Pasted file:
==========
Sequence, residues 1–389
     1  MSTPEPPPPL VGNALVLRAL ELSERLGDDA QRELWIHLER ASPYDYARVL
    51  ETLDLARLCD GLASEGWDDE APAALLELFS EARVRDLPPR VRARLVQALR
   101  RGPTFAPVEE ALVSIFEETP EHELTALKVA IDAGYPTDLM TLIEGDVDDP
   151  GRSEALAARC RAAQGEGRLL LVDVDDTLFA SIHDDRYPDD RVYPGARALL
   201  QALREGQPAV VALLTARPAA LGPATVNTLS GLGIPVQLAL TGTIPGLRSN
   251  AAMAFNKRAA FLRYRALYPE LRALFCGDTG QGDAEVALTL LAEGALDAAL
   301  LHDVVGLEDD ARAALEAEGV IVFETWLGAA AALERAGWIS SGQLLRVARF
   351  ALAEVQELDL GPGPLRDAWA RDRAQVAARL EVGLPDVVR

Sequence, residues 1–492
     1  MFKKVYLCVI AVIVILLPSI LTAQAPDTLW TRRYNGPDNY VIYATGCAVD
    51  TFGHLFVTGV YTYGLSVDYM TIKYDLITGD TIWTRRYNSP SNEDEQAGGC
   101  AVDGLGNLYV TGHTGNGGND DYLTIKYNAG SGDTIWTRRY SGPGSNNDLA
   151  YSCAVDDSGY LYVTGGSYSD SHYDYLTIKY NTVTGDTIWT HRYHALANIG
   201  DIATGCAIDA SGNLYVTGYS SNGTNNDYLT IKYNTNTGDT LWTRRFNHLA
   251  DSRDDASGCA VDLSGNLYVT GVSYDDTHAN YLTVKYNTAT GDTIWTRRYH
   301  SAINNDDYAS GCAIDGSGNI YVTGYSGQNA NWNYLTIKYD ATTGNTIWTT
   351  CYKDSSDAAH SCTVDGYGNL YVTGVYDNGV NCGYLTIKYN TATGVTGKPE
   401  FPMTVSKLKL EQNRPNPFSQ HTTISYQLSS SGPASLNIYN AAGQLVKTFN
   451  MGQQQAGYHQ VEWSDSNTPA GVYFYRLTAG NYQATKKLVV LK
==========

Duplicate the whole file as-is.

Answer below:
Sequence, residues 1–389
     1  MSTPEPPPPL VGNALVLRAL ELSERLGDDA QRELWIHLER ASPYDYARVL
    51  ETLDLARLCD GLASEGWDDE APAALLELFS EARVRDLPPR VRARLVQALR
   101  RGPTFAPVEE ALVSIFEETP EHELTALKVA IDAGYPTDLM TLIEGDVDDP
   151  GRSEALAARC RAAQGEGRLL LVDVDDTLFA SIHDDRYPDD RVYPGARALL
   201  QALREGQPAV VALLTARPAA LGPATVNTLS GLGIPVQLAL TGTIPGLRSN
   251  AAMAFNKRAA FLRYRALYPE LRALFCGDTG QGDAEVALTL LAEGALDAAL
   301  LHDVVGLEDD ARAALEAEGV IVFETWLGAA AALERAGWIS SGQLLRVARF
   351  ALAEVQELDL GPGPLRDAWA RDRAQVAARL EVGLPDVVR

Sequence, residues 1–492
     1  MFKKVYLCVI AVIVILLPSI LTAQAPDTLW TRRYNGPDNY VIYATGCAVD
    51  TFGHLFVTGV YTYGLSVDYM TIKYDLITGD TIWTRRYNSP SNEDEQAGGC
   101  AVDGLGNLYV TGHTGNGGND DYLTIKYNAG SGDTIWTRRY SGPGSNNDLA
   151  YSCAVDDSGY LYVTGGSYSD SHYDYLTIKY NTVTGDTIWT HRYHALANIG
   201  DIATGCAIDA SGNLYVTGYS SNGTNNDYLT IKYNTNTGDT LWTRRFNHLA
   251  DSRDDASGCA VDLSGNLYVT GVSYDDTHAN YLTVKYNTAT GDTIWTRRYH
   301  SAINNDDYAS GCAIDGSGNI YVTGYSGQNA NWNYLTIKYD ATTGNTIWTT
   351  CYKDSSDAAH SCTVDGYGNL YVTGVYDNGV NCGYLTIKYN TATGVTGKPE
   401  FPMTVSKLKL EQNRPNPFSQ HTTISYQLSS SGPASLNIYN AAGQLVKTFN
   451  MGQQQAGYHQ VEWSDSNTPA GVYFYRLTAG NYQATKKLVV LK